Ryan E. Walters, Cinematographer

Cinematic Excellence at 24 Frames a Second

Can You Really Use A Light Meter App?

The Studio Setup
If you have been following my blog for any length of time, you have probably picked up on the fact that I am a big fan and proponent of using a light meter. With Sekonic's release of the 478D they increased the functionality of what a meter can do and made it more affordable. But what if you don't have $389? Can a free light meter app, or one that costs $4.99, do the job? That's what I set out to explore and the answer may surprise you.

Quick Reality Check
While the apps I tested cost next to nothing, let's not fool ourselves into thinking that they are really that inexpensive. As of this writing, they both require a $549 dongle. (Otherwise known as an iPhone). The cost of the dongle can be subsidized by paying for a phone contract, but it is a real part of the total cost, albeit a hidden one. If you are considering buying an iPhone to use as a light meter, I'd recommend saving yourself some money and buy the 478D. If, on the other hand, like many of us in the film community, you already have an iPhone, then the negligible added cost of these apps may be worth it to you, if you like the results that follow. :)

The Setup
I decided to compare 5 light meters in 2 different environments to evaluate the results. The 5 meters that I'll be looking at are the Sekonic 758Cine ($822), 478D with Spot Attachment ($498 total), Pocket Light Meter (Free - $4.99 + Dongle), Cine Meter ($4.99 + Dongle), and the internal "brain" of the Canon 60D ($1,299). The first test environment was in the controlled environment of my studio. The second environment was in my kitchen - uncontrolled lighting, using the overhead 5000k CFLs, lovely green spike and all. For every measurement I took a reading from the same area on a Kodak Grey Card.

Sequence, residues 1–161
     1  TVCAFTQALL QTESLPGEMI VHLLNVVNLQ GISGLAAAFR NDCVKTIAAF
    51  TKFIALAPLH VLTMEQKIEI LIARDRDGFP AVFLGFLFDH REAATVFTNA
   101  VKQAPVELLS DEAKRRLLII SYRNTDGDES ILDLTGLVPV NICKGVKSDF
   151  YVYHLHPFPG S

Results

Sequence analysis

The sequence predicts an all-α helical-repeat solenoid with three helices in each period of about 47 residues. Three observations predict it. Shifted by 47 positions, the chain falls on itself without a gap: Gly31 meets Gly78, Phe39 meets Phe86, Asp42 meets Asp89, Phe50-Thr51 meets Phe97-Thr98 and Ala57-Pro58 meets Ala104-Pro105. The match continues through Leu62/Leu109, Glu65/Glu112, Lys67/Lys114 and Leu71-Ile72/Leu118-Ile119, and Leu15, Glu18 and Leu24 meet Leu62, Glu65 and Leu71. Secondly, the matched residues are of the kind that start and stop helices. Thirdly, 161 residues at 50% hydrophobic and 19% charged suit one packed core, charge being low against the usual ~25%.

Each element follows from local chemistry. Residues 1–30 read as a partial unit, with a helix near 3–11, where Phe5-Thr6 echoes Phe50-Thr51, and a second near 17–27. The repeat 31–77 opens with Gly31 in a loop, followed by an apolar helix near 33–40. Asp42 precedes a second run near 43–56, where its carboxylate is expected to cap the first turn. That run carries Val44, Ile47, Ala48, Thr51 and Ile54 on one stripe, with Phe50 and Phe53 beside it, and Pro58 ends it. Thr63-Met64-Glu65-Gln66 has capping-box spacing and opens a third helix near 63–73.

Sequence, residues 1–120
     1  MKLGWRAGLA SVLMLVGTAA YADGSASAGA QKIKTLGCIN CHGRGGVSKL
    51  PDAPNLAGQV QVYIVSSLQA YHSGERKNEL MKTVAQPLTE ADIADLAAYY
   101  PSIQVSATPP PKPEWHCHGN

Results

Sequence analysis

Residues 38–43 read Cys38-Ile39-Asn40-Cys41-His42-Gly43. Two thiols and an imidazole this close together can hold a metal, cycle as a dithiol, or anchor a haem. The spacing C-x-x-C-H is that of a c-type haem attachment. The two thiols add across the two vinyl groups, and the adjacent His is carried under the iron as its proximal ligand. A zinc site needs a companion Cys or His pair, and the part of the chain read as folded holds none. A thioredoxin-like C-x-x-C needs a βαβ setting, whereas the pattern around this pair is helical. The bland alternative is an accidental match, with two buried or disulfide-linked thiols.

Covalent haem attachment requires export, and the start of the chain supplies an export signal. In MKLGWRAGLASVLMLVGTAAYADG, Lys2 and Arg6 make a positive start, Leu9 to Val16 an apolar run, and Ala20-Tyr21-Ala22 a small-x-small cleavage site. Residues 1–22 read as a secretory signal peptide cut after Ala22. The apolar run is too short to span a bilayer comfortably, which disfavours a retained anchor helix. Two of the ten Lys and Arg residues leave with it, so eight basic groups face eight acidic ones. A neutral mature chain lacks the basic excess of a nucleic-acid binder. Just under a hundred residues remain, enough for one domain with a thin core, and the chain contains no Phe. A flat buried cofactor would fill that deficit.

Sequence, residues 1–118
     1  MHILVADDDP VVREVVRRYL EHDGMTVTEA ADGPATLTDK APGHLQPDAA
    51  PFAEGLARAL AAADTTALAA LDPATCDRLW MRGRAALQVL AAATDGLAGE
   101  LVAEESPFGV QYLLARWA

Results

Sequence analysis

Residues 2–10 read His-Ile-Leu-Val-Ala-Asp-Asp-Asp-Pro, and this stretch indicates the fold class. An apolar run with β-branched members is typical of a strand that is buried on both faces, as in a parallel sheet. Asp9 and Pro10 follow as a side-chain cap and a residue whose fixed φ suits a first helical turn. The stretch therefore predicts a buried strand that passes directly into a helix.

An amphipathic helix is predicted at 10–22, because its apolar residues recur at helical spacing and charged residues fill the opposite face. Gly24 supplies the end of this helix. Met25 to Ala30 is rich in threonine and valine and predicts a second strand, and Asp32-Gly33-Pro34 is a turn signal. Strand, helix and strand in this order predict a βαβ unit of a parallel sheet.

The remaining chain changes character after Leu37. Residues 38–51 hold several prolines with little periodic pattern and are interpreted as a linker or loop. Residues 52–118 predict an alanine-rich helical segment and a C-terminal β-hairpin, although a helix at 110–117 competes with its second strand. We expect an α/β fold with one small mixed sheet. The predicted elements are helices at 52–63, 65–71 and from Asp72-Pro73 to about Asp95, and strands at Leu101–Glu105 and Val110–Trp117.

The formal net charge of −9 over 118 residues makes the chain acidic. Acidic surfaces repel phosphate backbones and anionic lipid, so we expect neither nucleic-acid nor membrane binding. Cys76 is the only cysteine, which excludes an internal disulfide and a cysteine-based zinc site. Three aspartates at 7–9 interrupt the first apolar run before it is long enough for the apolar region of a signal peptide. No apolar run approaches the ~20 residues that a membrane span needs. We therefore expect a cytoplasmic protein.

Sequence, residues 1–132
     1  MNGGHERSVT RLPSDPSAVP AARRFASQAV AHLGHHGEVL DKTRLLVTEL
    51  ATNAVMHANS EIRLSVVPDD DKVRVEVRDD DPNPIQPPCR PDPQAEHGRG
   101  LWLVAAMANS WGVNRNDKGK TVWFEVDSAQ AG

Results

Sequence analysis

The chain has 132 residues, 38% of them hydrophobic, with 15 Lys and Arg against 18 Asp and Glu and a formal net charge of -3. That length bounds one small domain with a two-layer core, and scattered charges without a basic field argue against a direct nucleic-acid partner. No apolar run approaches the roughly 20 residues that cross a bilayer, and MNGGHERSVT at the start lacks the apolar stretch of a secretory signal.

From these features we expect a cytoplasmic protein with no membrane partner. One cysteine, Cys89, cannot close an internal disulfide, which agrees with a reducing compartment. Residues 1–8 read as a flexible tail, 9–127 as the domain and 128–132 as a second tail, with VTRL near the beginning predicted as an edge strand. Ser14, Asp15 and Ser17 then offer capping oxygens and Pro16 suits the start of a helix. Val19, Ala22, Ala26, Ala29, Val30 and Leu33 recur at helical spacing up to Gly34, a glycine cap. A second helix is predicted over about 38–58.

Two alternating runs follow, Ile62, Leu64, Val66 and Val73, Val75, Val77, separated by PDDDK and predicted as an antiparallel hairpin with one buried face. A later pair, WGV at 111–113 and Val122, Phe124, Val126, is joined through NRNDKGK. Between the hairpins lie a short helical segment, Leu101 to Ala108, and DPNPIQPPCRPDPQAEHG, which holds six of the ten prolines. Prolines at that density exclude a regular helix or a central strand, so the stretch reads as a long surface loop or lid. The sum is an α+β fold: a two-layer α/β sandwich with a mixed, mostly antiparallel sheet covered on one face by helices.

The Studio Results
First up the Sekonic meters:
Incident Readings (Using the default profile)
Spot Readings (Using the default profile)
If you are wondering why the incident and spot readings of the 758Cine are different by 6/10's of a stop, it has to do with the way mid tone is calculated. If you want to learn more about it, you can do so here. The spot meter of the 478D is 5 degrees; it sees a wider field of view than the 1 degree of 758Cine. That means it is averaging more information, which results in a smaller difference in this application. The results from these readings say I should expose at F4 using a 180 degree shutter, EI 1250, and shooting at 24 frames a second.

And how does that translate to the 60D?
Exposure set according to the Sekonic meters
The exposure looks nice and healthy for the contents of the scene. But what does the camera say I should do? (By the way, the difference between 1/50 and 1/48 shutters is negligible when it comes to exposure readings).
Exposure set according to the full auto mode in the camera.
Hmm, interesting. According to the brains of the camera, the previous exposure was underexposed by about 1 1/3 of a stop. Fortunately, nothing in the scene is clipped, and since I was shooting in stills mode, I can use the RAW file to process the image correctly.

And now on to the iPhone Apps...
Pocket Light Meter Results
The Pocket Light Meter is not far off from the Sekonic meters; it differs by only 1/3 of a stop.

Cine Meter Results
The Cine Meter nailed it. And to my surprise, even the waveform is correct- falling around IRE 50. Very impressive, if you ask me!

The Uncontrolled Results
Controlled environments are one thing, but what about the real world? Lets take a look... First up the Sekonic meters:
Incident Readings (Using the default profile)
Spot Readings (Using the default profile)
I had to bump the ISO up to 2500 to get to the F4 that the 60D needed using the kit lens. But other than that, the readings look healthy.

What that looked like on the 60D...
Exposure set according to the Sekonic meters
Again, using my meters, I get a good exposure. Nothing is crushed, and there is only very minor clipping in some of the specular highlights coming off of the microwave. What does the camera think the exposure should be at?
Exposure set according to the full auto mode in the camera.